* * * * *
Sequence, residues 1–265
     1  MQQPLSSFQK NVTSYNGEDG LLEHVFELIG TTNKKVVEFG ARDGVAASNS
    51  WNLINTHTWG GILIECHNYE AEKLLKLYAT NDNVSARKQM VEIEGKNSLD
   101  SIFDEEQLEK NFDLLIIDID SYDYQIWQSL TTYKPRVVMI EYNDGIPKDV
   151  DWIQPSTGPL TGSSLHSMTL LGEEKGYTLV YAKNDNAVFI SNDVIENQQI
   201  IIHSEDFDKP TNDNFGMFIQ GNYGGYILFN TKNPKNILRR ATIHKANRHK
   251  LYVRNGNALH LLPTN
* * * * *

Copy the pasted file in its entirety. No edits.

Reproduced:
Sequence, residues 1–265
     1  MQQPLSSFQK NVTSYNGEDG LLEHVFELIG TTNKKVVEFG ARDGVAASNS
    51  WNLINTHTWG GILIECHNYE AEKLLKLYAT NDNVSARKQM VEIEGKNSLD
   101  SIFDEEQLEK NFDLLIIDID SYDYQIWQSL TTYKPRVVMI EYNDGIPKDV
   151  DWIQPSTGPL TGSSLHSMTL LGEEKGYTLV YAKNDNAVFI SNDVIENQQI
   201  IIHSEDFDKP TNDNFGMFIQ GNYGGYILFN TKNPKNILRR ATIHKANRHK
   251  LYVRNGNALH LLPTN